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In the article, “The Yellow Wallpaper”, author Charlotte Perkins Gilman introduces a young lady, Jane who gives birth then goes through postpartum depression. Through her characterization, setting, and symbolism of isolation Jane begins to spiral downward while trying to keep herself together when around her husband and sister-in-law. Although postpartum depression appears to be a struggle with women during this era, it symbolizes that women live by patriarchy, and disorders have no room in their lives.
The setting in this writing compiles the diagnosis of having postpartum depression.
A person should almost be secluded in isolation if such a diagnosis of PPD happens. Author, Gilman, made this setting simple; a rent house about 3 miles outside of town quiet vs the quaintness of city life. The countryside of a peaceful, yet sensible treatment scene for postpartum depression is the elite setting. According to Gilman, the house is vacant due to the previous owner’s family’s heirs who did not want to keep the house up.
In this article, “The Yellow Wallpaper” Gilman stated, “There is a delicious garden!”, (2.) Jane seemed to like the outside, this simulates that she would possibly want to be out more within the garden. The house itself has a different feel from the home she left, she says, in Gilman’s article “The most beautiful place! It is quite alone, standing well back from the road, quite three miles from the village.” (2.) Jane wondered how her husband was able to find such a beautiful vacation spot. The location of being in the country, quiet, and an older home gave a romantic yet haunting effect.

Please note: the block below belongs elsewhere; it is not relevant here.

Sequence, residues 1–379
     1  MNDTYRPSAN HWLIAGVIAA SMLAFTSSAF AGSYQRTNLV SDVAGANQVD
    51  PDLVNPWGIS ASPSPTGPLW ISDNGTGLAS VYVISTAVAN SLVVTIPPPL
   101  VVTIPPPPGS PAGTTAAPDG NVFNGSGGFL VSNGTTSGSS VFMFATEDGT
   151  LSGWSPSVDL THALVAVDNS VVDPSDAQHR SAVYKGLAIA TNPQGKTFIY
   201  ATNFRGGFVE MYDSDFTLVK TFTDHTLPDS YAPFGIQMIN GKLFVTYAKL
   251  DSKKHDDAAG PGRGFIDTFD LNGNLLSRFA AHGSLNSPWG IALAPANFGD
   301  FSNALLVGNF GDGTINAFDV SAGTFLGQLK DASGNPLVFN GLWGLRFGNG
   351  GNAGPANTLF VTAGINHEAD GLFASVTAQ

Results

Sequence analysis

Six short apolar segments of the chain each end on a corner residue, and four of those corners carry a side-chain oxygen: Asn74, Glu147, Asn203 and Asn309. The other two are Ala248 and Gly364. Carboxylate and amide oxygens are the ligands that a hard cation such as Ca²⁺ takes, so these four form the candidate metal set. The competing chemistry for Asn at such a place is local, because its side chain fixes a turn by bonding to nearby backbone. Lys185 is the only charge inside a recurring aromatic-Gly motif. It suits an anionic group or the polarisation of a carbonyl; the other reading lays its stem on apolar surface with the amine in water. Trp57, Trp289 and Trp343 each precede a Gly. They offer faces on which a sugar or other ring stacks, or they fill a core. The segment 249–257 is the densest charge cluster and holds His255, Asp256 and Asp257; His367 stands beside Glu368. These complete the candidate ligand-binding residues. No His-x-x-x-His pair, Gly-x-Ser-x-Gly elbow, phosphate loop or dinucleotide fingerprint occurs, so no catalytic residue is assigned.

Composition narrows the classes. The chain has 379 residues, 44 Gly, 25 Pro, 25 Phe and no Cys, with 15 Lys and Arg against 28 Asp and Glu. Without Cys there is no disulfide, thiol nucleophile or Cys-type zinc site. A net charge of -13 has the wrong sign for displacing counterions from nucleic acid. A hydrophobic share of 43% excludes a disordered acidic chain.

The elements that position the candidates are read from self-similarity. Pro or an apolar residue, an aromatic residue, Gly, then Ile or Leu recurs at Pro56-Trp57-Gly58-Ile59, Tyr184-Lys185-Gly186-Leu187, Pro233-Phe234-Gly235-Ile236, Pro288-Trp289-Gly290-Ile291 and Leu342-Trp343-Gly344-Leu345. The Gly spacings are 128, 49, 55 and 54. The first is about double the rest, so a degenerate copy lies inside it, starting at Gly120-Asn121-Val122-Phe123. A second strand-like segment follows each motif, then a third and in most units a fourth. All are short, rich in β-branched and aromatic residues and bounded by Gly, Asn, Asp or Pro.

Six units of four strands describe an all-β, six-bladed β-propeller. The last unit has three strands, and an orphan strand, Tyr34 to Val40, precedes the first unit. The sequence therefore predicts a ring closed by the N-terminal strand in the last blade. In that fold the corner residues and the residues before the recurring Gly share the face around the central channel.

The natural effect of the home grew on Jane. She begins to think and wonder the reason she is brought to the home; she trusts that her husband, knows what is best for her. Jane begins to think she can get some relief by writing in a journal, however, her husband the good doctor does not want her to do so, he only wants medications and rest for her, this is now repetitive in Janes's life. The young lady notices this yellow wallpaper in one of the rooms in which she hated. The wallpaper spoke volumes to Jane, she disliked the awkward designs, which became an obsession, she feels it signifies women and their domestic attributions that they endure in their household for this era. Jane felt she could secretly write in her journal with feelings of the life she left and new feelings of detachment from her husband. This setting is one that Jane will never forget, the feeling it gave her, and the freedom in which she gained from it by losing herself in the wallpaper; a trapped woman that she freed by tearing the paper off the wall. Jane’s insanity from the wallpaper eventually ventured to the surface when her husband John came home to find a locked door, he then questioned if this quiet, somber setting was the best for his wife’s recovery after all.